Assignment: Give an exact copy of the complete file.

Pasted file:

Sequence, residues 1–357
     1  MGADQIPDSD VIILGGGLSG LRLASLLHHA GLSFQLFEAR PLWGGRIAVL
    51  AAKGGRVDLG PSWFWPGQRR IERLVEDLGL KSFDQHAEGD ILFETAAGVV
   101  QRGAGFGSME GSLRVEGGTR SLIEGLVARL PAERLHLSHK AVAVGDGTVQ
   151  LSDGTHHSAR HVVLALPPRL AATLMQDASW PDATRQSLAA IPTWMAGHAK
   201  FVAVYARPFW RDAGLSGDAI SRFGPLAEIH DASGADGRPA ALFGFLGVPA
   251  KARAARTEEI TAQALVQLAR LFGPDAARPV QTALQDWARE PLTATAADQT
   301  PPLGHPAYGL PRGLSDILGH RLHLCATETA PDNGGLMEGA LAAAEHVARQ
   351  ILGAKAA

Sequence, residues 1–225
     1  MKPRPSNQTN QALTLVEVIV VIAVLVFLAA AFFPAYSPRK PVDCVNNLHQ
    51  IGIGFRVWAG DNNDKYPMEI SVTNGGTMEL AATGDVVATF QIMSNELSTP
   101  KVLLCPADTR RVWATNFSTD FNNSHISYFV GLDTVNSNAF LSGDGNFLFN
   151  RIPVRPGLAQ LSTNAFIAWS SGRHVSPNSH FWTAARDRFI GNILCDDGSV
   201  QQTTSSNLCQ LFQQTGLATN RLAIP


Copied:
Sequence, residues 1–357
     1  MGADQIPDSD VIILGGGLSG LRLASLLHHA GLSFQLFEAR PLWGGRIAVL
    51  AAKGGRVDLG PSWFWPGQRR IERLVEDLGL KSFDQHAEGD ILFETAAGVV
   101  QRGAGFGSME GSLRVEGGTR SLIEGLVARL PAERLHLSHK AVAVGDGTVQ
   151  LSDGTHHSAR HVVLALPPRL AATLMQDASW PDATRQSLAA IPTWMAGHAK
   201  FVAVYARPFW RDAGLSGDAI SRFGPLAEIH DASGADGRPA ALFGFLGVPA
   251  KARAARTEEI TAQALVQLAR LFGPDAARPV QTALQDWARE PLTATAADQT
   301  PPLGHPAYGL PRGLSDILGH RLHLCATETA PDNGGLMEGA LAAAEHVARQ
   351  ILGAKAA

Sequence, residues 1–225
     1  MKPRPSNQTN QALTLVEVIV VIAVLVFLAA AFFPAYSPRK PVDCVNNLHQ
    51  IGIGFRVWAG DNNDKYPMEI SVTNGGTMEL AATGDVVATF QIMSNELSTP
   101  KVLLCPADTR RVWATNFSTD FNNSHISYFV GLDTVNSNAF LSGDGNFLFN
   151  RIPVRPGLAQ LSTNAFIAWS SGRHVSPNSH FWTAARDRFI GNILCDDGSV
   201  QQTTSSNLCQ LFQQTGLATN RLAIP